This is the second re-submission (A2) of competing renewal application 2R01MH062527. This application focuses on the neurobiology of cognitive symptoms of schizophrenia that are not well treated by available medications. Administration of the NMDA receptor antagonist phencyclidine (PCP) to humans evokes several schizophrenia-like effects, including cognitive deficits, observed only during PCP intoxication. In the proposed rat studies, the inducing condition will be a repeated PCP administration regimen that induces deficits in various cognitive functions that are relevant to schizophrenia (attention/vigilance, working memory, reasoning/problem solving, speed of processing, as identified by the NIMH-FDA collaborative MATRICS program), and alterations in glutamate and GABA system function implicated in schizophrenia neuropathology. Specifically, the effects of the repeated PCP administration regimen will be assessed in: a) the 5-choice serial reaction time task (5-CSRTT) that assesses attention and inhibition of inappropriate responding, corresponding to the attention and reasoning/problem solving domains, respectively;b) the discrete paired-trial variable-delay alternation task that assesses the working memory domain;and c) the cued-location reversal learning task that assesses cognitive flexibility, an aspect of the reasoning/problem solving domain. All tasks also assess the speed of processing domain.
Specific Aim 1 will examine how three atypical antipsychotics, with different receptor affinity profiles and differential effects on cognitive measures in humans, alter PCP-induced deficits in the proposed cognitive tasks. Our extensive Preliminary Studies showed that clozapine, but not quetiapine, partially attenuated repeated PCP-induced deficits in attention and response inhibition in the 5-CSRTT, demonstrating that the study of the effects of antipsychotics with variable receptor profiles on cognitive tasks may provide information about neurotransmitters/receptors involved in some, but not other, cognitive deficits.
Specific Aim 2 will investigate neurochemical correlates of PCP-induced cognitive deficits and their potential reversal by these atypical antipsychotics by using in vivo microdialysis to measure monoamine, glutamate, and GABA levels in the prefrontal cortex and the nucleus accumbens. These brain sites are implicated in schizophrenia pathology and performance in the proposed cognitive tasks. Finally, Specific Aim 3 will explore whether experimental pharmacological treatments probing specific neurotransmitter and receptor systems, including serotonin, norepinephrine, glutamate, and GABA, may reverse PCP-induced cognitive deficits. These treatments will be guided by the results of the dialysis studies. In summary, a multidisciplinary integrated experimental approach using behavioral, neurochemical, and pharmacological techniques will investigate the neuromechanisms underlying the cognitive deficits of schizophrenia, and specific transmitter actions of atypical antipsychotics that may mediate their differential effects on various cognitive domains. This work will aid in the discovery of novel therapeutic targets for these cognitive deficits. Schizophrenia is a chronic mental illness that results in tremendous human suffering and monetary costs to society. Cognitive impairments are core symptoms of schizophrenia that are not adequately treated by available medications and greatly contribute to profound functional impairment. The results of the proposed studies will promote our understanding of the neurobiology of cognitive deficits in schizophrenia, will elucidate specific neurotransmitter actions of atypical antipsychotics that may mediate their differential effects on various cognitive domains, and finally aid in the discovery of novel therapeutic targets for these poorly treated cognitive deficits.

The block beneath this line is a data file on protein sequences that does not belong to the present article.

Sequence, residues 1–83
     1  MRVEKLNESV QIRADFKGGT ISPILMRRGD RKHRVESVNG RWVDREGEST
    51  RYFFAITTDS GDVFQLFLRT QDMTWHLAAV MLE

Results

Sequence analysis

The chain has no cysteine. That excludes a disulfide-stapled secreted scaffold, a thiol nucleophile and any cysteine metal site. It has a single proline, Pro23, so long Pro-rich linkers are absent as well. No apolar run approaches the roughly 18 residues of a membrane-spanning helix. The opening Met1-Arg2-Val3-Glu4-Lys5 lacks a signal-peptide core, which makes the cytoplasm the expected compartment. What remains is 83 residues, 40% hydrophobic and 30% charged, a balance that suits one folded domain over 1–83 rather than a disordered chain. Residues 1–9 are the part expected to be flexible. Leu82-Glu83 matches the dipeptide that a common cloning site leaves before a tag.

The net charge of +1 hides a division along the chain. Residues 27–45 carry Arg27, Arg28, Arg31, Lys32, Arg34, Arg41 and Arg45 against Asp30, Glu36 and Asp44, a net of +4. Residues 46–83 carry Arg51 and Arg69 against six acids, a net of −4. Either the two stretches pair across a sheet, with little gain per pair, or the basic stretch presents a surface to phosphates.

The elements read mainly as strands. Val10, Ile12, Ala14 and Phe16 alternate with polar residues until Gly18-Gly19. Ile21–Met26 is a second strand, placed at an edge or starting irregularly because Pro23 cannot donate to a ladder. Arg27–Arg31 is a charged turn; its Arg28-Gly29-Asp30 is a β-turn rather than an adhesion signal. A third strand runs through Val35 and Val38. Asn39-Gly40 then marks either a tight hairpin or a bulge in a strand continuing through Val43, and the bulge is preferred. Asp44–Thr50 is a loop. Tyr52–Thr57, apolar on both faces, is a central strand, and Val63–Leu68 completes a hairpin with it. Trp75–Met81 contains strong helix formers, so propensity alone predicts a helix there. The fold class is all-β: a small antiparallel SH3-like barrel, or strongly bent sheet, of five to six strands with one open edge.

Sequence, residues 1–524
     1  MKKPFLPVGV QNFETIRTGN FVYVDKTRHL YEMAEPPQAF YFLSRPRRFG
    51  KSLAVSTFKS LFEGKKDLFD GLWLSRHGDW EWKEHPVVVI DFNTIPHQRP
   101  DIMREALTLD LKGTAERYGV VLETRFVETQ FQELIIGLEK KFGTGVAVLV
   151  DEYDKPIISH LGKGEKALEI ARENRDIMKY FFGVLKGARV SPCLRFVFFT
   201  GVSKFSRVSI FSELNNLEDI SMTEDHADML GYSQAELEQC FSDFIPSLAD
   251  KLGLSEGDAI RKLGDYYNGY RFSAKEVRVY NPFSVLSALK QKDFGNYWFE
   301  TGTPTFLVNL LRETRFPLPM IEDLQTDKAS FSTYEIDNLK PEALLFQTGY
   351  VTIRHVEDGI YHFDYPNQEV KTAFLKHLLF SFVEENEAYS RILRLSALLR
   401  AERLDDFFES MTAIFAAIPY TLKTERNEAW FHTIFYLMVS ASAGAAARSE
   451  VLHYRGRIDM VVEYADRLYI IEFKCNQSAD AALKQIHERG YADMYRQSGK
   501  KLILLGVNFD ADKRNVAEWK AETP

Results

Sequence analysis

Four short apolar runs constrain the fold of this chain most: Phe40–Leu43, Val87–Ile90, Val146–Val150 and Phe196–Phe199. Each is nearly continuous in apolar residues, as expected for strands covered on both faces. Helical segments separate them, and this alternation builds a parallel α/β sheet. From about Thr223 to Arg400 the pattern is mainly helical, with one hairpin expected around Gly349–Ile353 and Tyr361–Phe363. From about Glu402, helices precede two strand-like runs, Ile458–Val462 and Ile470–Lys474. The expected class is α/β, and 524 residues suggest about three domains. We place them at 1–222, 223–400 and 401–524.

Schizophrenia is a chronic mental illness that results in tremendous human suffering and monetary costs to society. Cognitive impairments are core symptoms of schizophrenia that are not adequately treated by available medications and greatly contribute to profound functional impairment. The results of the proposed studies will promote our understanding of the neurobiology of cognitive deficits in schizophrenia, will elucidate specific neurotransmitter actions of atypical antipsychotics that may mediate their differential effects on various cognitive domains, and finally aid in the discovery of novel therapeutic targets for these poorly treated cognitive deficits.
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